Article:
Taking for granted so great a salvation

Half the tribe of Manasseh and the tribes of Reuben and Gad had already received their grants of land on the east side of the Jordan, for Moses, the servant of the Lord, had previously assigned this land to them. Their territory extended from Aroer on the edge of the Arnon Gorge (including the town in the middle of the gorge) to the plain beyond Medeba, as far as Dibon. It also included all the towns of King Sihon of the Amorites, who had reigned in Heshbon, and extended as far as the borders of Ammon. It included Gilead, the territory of the kingdoms of Geshur and Maacah, all of Mount Hermon, all of Bashan as far as Salecah, and all the territory of King Og of Bashan, who had reigned in Ashtaroth and Edrei. King Og was the last of the Rephaites, for Moses had attacked them and driven them out. But the Israelites failed to drive out the people of Geshur and Maacah, so they continue to live among the Israelites to this day. Joshua 13:8-13 NLT


Joshua, after the prompting of the Lord, set out to divide the land among the tribes of Israel. The fact that the land had not yet been entirely conquered did not keep Joshua from giving it to the various tribes. It expressed his firm belief that the land would most certainly be conquered. The text describes the geographical boundaries of Reuben, Gad and half the tribe of Manasseh; all of whom settled east of Jordan. These tribes became a sort of “buffer zone” between the Jews in Canaan and the pagan nations like Moab and Ammon. Their location made them extremely vulnerable both to military attack and ungodly influence. In fact, early on it was stated what will happen in the future to these border lands. “The Israelites failed to drive out the people of Geshur and Maacah, so they continue to live among the Israelites to this day” (v. 13). They were given the land but they have to conquer and defeat the people in those lands. Instead, “these tribes were unfaithful to the God of their ancestors. They worshiped the gods of the nations that God had destroyed...The Assyrians exiled them to Halah, Habor, Hara, and the Gozan River, where they remain to this day” (1 Chronicles 5:25–26). The tragic end to their settlement was that they became like all the nations, worshiping the gods of the pagans. They did not value their inheritance. They who claimed their inheritance first were the first to lose it. They dabbled with the world and its deceitful friendship. How quickly they drifted away from God and returned back in bondage to the powers which the world exerts! If our hearts are not removed from selfish attitudes and interests, we will not be able to find the value of our inheritance in Him, our salvation. How easily our peace is threatened all because we are not willing to deal with sin. When we do not desire being conformed to His image, we can easily be swooped down and be carried over by worldliness.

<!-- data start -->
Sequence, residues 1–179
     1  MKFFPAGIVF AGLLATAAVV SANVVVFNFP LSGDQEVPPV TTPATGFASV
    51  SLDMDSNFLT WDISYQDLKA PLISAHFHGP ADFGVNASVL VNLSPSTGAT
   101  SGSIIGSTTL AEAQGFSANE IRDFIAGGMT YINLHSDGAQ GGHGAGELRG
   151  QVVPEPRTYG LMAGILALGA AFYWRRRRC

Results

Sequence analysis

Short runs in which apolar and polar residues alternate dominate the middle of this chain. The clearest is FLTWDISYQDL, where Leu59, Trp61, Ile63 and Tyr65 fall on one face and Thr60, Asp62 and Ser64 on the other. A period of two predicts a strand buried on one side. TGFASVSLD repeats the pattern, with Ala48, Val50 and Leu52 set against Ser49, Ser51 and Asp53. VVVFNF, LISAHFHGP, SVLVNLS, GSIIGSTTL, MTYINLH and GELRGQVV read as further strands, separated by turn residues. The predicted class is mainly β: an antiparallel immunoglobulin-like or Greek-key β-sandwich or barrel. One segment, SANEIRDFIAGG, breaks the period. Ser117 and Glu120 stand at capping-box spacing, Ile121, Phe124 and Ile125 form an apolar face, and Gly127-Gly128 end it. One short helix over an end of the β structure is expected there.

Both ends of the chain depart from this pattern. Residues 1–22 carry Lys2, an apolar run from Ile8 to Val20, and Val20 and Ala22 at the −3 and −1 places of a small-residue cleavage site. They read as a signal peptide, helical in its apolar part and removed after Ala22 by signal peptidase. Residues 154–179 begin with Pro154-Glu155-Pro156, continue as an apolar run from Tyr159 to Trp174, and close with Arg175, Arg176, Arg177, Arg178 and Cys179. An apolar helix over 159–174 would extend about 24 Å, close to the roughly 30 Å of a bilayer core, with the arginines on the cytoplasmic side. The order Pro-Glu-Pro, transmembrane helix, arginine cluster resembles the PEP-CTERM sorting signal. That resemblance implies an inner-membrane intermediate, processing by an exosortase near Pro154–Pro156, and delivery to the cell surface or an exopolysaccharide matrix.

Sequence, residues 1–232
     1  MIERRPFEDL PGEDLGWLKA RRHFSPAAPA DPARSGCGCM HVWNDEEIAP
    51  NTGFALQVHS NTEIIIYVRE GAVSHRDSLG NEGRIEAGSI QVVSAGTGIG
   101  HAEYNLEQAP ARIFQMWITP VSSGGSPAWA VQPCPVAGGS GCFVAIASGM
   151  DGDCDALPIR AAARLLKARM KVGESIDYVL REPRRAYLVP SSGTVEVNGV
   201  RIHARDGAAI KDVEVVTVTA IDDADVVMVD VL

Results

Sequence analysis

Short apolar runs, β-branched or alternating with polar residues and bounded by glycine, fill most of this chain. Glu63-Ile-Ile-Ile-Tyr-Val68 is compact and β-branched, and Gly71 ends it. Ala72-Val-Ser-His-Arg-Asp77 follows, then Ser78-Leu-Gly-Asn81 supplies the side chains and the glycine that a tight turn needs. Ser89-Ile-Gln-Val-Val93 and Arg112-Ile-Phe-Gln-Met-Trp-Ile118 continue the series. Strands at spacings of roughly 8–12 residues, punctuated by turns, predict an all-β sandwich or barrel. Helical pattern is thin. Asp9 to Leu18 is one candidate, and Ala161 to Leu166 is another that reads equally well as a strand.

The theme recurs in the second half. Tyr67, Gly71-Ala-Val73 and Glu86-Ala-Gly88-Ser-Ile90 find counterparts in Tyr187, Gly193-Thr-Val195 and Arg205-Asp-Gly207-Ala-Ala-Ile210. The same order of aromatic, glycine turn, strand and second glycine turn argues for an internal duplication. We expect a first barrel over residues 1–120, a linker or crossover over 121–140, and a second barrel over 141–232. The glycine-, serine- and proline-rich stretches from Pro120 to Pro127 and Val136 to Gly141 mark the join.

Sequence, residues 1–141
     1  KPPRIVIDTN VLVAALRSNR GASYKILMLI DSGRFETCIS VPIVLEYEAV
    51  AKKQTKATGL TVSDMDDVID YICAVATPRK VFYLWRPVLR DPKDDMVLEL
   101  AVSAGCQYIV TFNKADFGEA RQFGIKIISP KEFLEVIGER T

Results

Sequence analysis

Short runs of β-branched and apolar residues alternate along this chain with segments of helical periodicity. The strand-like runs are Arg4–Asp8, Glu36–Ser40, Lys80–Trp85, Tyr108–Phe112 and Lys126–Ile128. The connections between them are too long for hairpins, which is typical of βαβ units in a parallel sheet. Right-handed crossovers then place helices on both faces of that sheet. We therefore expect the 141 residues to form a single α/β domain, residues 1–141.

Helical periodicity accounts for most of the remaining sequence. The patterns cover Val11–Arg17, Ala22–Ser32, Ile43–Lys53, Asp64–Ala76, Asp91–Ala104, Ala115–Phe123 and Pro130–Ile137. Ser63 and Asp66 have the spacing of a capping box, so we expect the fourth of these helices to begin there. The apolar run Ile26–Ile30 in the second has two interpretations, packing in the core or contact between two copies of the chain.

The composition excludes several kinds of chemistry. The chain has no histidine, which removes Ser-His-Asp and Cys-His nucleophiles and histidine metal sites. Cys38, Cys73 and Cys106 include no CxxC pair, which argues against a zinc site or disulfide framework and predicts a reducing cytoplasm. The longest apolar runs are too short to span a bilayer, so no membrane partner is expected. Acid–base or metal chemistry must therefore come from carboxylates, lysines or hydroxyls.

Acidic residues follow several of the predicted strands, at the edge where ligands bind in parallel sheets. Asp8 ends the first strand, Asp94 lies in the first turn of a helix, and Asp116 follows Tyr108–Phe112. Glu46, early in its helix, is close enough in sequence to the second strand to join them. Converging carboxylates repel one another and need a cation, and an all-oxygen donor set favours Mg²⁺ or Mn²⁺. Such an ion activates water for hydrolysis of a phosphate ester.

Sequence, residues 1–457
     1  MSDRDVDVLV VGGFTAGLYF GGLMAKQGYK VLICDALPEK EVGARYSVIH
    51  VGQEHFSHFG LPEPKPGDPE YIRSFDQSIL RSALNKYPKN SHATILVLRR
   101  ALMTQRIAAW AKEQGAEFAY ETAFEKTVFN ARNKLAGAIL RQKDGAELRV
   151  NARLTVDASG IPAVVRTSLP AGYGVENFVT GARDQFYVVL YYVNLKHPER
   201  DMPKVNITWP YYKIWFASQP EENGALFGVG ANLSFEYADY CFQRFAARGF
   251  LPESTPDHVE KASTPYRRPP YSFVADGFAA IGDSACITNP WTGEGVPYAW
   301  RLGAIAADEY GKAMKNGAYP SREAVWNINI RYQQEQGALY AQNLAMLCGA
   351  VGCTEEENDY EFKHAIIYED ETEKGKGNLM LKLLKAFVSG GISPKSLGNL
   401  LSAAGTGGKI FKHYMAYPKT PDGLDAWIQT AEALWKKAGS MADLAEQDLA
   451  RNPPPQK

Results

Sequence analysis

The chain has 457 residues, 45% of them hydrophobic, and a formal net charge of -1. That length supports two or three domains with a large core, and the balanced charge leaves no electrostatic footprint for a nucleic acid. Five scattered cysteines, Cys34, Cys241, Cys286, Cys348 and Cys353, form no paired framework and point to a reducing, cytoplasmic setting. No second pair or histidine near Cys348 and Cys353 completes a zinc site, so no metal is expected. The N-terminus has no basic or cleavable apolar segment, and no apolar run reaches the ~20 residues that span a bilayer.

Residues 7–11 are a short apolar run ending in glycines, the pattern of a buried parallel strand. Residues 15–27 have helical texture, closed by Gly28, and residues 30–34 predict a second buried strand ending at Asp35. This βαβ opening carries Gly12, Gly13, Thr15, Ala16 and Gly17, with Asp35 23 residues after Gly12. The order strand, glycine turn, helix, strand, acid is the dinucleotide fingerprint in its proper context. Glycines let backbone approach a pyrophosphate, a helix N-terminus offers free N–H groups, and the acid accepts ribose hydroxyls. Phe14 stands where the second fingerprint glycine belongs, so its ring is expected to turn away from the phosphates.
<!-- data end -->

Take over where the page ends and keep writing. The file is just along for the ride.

Blessings,

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